Their feats have inspired people to go higher, faster and stronger. HT looks at some unforgettable moments from the Olympic pages.
Three days before the start of Berlin 1936, Jesse Owens obliged photographers by thundering up to the line and casually leaping to 25ft 6in. The distance would have been good enough to win bronze in the long jump final six days later. He ended up winning gold. Often, Owens’s sporting achievements are smothered by politics. Owens enjoyed seven days the like of which had never been seen before, winning four gold. No American athlete captured the imagination like Owens until Lewis emerged nearly 50 years later.
Michael Phelps may have arrived in the summer of 2004, but it was in Beijing’s National Aquatics Centre that he re-wrote the history books. In the space of eight short days, the American raced 17 times and claimed eight gold medals, to add to the six he won four years previously in Athens. In 2008, Phelps claimed gold and new world records in the 400m individual medley, 4x100m freestyle relay, 200m freestyle, 200m butterfly, 4x200m freestyle relay and 200m individual medley; he had to settle for the Olympic record in the 100m butterfly, in addition to the gold. The eighth gold followed in the 4x100m
By 1996, Carl Lewis was still going, but not very quickly. He made the US team in the long jump with an inch to spare. When his competition came he was a whisker away from missing the final entirely: needing a place in the top 12, after the first round of jumps he was 11th, and after the second he was 15th. That left him with one more chance; with the press box already penning his obituary he produced the best leap of the night and qualified in first place. Facing him in the final was Mike Powell, the man who had broken Lewis's 10-year, 65-event unbeaten record, and simultaneously laid the ghost of Bob Beamon, with a leap of 8.95m at the 1991 World Championships. But Lewis leapt 8.50m with his third jump to secure his ninth Olympic gold
Before the 1976 Games, Omega asked the IOC whether it would be better to replace the traditional gymnastics scoreboards, which had room for three digits with one that could display four? “I was told there was no need to,” recalls Daniel Baumat. On July 18, 14-year-old Nadia Comaneci’s routine on the uneven bars was flawless, and Baumat had to tell the judges “they could either put up 1.00 or .100 but that there was no possibility for a 10.00. Just as the federation had told me.” Comaneci got a perfect 1.00.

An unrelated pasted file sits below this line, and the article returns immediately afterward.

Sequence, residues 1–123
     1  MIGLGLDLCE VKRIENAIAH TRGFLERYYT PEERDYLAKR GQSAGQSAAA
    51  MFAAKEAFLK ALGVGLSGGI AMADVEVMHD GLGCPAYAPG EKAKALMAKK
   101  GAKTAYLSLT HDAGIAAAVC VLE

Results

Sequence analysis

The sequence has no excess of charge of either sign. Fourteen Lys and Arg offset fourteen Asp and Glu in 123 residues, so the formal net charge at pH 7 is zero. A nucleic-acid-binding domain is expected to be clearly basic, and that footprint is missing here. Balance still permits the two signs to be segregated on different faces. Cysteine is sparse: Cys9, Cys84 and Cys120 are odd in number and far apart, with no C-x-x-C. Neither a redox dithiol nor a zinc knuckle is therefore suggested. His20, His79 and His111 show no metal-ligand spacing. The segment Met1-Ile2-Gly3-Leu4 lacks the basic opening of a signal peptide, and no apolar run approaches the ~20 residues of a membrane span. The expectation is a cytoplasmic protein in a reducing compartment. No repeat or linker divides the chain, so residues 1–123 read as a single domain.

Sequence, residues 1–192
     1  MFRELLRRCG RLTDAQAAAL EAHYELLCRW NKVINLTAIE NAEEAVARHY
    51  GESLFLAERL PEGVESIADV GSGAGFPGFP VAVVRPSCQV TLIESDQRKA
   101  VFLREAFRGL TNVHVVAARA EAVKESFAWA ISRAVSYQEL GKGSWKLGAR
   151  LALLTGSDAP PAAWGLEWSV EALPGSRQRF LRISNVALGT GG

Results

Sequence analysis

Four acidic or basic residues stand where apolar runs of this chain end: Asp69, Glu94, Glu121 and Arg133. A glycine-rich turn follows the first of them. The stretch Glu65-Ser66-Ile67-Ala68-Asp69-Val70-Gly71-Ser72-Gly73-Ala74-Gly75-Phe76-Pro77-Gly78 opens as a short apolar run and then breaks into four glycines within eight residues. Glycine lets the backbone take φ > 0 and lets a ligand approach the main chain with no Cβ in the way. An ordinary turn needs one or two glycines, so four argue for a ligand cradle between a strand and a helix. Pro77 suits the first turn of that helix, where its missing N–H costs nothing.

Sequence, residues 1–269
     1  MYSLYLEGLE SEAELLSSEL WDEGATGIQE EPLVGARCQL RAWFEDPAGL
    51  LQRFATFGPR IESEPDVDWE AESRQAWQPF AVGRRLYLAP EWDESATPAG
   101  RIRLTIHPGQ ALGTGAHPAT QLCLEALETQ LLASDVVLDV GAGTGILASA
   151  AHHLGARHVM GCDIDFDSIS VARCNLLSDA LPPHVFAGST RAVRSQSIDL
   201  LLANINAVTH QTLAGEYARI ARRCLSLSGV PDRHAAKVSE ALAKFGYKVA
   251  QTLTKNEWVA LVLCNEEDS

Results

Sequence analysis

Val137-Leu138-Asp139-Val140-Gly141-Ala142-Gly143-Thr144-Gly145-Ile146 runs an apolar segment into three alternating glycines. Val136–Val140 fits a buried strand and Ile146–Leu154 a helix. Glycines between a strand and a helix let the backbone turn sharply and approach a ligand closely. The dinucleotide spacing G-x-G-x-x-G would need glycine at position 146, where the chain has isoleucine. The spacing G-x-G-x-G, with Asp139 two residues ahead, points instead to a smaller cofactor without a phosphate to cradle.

In 1968, Mark Spitz declared that he expected to win six gold medals. That was in the build-up to the Games; in Mexico, Spitz won two and called his first Olympics “the worst meet of my life”. Four years later he insisted he was “more mature”. He won the 200m butterfly, 200m freestyle and 100m butterfly and anchored two freestyle relay teams to victory. His fifth gold equalled the then-record held by Italian fencer Nedo Nadi (1920) and Paavo Nurmi (1924). Spitz added two more. All seven of his gold came in world record times.
Of the seven winners over nearly 30 years of Olympic men’s 100 metres finals only Donovan Bailey, successful in 1996, made it to retirement without his medal getting tarnished. Through all of this, the event remained the single most anticipated contest of the Olympics. But those years of scandal undoubtedly had a negative impact on the reputation of sprinting and sprinters. Athletics needed a popular, charismatic and scandal-free sprint champion. At Beijing 2008, it got Bolt. His 100m run was astonishingly emphatic, but some observers, Carl Lewis included, were cynical. Bolt countered: “All I have to do is stay clean, and the talk will stop.”
He almost screwed himself out of the long jump final at the 1968 Games in Mexico City, overstepping by a foot on his first two attempts in the qualifying competition. With only one chance left, Beamon re-measured his run-up and managed to jump fairly and long enough to make it through. The next day, he hit the board perfectly, soared and planted his feet six seconds after taking his first stride. More than 20 minutes later, 8.90m flashed up on the scoreboard. Forty-three years later, Beamon’s achievement is cherished in the memories of those who witnessed it as “the leap of the century”. Perhaps only Neil Armstrong could quibble with that.
Come what may, he will forever have Atlanta and those 10 days when he became the only male athlete ever to win both the 200 metres and 400 metres at the same Olympics. The 200m was the second instalment, a performance of generational greatness metered out in that unstoppable chugging stride. He broke his own world record by more than 3/10ths of a second, the largest ever trimming of the 200m world record. It was a fist through the ceiling, compared at the time to Bob Beamon’s Mexico long jump.